Girlfriends Guide to Toronto
Posted on January 18, 2019
The pressure is on. Your best friend got a ring for the holidays and you’re the bachelorette bash boss. A limo rolling from East Fourth to Tremont to Ohio City for cocktails is nice, but you can do Cleveland next Saturday. Doesn’t your girl deserve a weekend away with her crew? After all, the bestie-moon is trending.
Our neighbor to the north – Toronto – is jonesing for your party. And, with a stronger U.S. dollar — $1 American equals about $1.35 Canadian — it’s like Canada is on sale. You can go by car, about 290 miles or five hours without pit stops. Or take a one-hour flight on Air Canada. Either way, remember your passport.
If you prepare in advance, you can curate a collection of experiences. I’ve tested a number of them. Simply mix and match from the following options. For some, reservations are necessary.
By Paris Wolfe, Special to The Plain Dealer
An ivy wall behind the check-in counter at Hotel X Toronto. (Courtesy Hotel X Toronto)Where to stay: Hotel X Toronto
Overnight options include Hotel X Toronto, just west of downtown. Opened in June 2018, it has 404 rooms but feels like a boutique resort. Pack a bathing suit for the heated, indoor-outdoor rooftop pool that overlooks the skyline and Lake Ontario. And reserve space in sunrise or sunset yoga classes. Upon arrival, tuck luggage into a one-bedroom suite with a pull-out couch (sleeps two to four) and two bathrooms for primping and polishing.
The hotel is a short drive from most activities; simply request the complimentary house car and a driver – a black BMW X5 — to any location within three miles. Return later by Uber or taxi. Voila, no worries about parking or drinking/driving.
The rooftop pool is open year-round at Hotel X Toronto. (Courtesy Hotel X Toronto)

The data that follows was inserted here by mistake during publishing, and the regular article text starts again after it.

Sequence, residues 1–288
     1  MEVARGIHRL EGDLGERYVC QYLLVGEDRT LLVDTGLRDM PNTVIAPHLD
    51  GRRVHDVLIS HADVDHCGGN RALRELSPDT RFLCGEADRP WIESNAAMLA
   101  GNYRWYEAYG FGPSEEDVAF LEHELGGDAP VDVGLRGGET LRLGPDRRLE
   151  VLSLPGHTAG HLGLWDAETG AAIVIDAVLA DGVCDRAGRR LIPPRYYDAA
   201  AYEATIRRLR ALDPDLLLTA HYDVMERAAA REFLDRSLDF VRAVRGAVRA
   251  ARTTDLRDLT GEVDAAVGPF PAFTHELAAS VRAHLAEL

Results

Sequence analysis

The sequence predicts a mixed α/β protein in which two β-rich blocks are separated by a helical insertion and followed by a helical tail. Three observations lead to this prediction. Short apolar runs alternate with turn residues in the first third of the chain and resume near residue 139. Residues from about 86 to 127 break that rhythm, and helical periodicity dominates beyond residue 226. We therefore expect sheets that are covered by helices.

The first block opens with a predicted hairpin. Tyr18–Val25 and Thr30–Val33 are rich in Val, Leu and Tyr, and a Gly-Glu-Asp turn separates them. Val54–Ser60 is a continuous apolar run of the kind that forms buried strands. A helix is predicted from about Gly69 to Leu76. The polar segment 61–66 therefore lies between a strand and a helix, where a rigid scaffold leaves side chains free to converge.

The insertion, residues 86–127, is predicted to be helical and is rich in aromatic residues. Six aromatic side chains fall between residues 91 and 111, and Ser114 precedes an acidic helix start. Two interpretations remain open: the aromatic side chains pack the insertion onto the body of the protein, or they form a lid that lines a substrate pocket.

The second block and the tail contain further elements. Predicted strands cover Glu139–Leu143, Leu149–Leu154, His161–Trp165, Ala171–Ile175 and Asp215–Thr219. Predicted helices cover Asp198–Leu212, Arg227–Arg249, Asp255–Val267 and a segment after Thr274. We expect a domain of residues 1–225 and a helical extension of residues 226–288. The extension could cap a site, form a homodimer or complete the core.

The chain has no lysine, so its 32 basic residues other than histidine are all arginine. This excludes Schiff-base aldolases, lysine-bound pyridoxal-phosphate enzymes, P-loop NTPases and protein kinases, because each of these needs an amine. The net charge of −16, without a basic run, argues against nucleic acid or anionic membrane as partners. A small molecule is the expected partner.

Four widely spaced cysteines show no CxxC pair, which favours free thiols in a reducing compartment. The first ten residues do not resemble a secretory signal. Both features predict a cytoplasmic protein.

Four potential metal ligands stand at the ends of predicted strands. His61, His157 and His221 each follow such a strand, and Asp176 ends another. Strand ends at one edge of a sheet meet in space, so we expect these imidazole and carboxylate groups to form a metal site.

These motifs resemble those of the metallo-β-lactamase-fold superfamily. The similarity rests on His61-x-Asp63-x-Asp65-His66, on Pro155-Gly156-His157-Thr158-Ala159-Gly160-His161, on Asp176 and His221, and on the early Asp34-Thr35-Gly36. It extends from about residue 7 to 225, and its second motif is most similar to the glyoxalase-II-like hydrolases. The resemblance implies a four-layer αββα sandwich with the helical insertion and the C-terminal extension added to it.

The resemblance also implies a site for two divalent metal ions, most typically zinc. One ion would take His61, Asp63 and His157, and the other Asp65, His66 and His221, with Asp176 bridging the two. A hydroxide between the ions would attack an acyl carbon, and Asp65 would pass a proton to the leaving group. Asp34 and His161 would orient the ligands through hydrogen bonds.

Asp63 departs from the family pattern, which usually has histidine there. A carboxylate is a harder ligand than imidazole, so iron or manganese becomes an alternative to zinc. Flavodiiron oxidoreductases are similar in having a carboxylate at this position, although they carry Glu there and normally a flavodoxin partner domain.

The simple syrups and tinctures that Toronto’s BarChef uses for its “molecular” cocktails are created by the kitchen staff and stored on the lighted bar. (Courtesy BarChef)
Arrival night should start with a celebratory cocktail. The city has several unique cocktails bars. My favorite is BarChef (472 Queen St. W) in the Queen West neighborhood. There, bartender and co-owner Frankie Solarik applies molecular gastronomy to cocktail culture.
My one-and-only cocktail was the Geometric Lavender ($30 Canadian, or about $23 U.S.). A lavender and violet-flavored coiled cream rested inside the glass with white chocolate carbonic snow, red grapefruit cells and Aperol pearls. After removing a bell jar from a wooden base filled with aromatic lavender buds, the server poured over a gin-based effervescent cocktail. This released a cloud of white chocolate and lavender aromas, to complete the multi-sensual experience.
The Geometric Lavender cocktail at BarChef starts with a lavender- and violet-flavored coiled cream with red grapefruit cells and Aperol pearls. (Courtesy BarChef)
The bar at Famous Last Words is paved with Scrabble tiles. The Fahrenheit 451 cocktail is a variation on an old-fashioned – Forty Creek Copper Pot whiskey, maple simple syrup, angostura bitters and orange zest. (Courtesy Famous Last Words)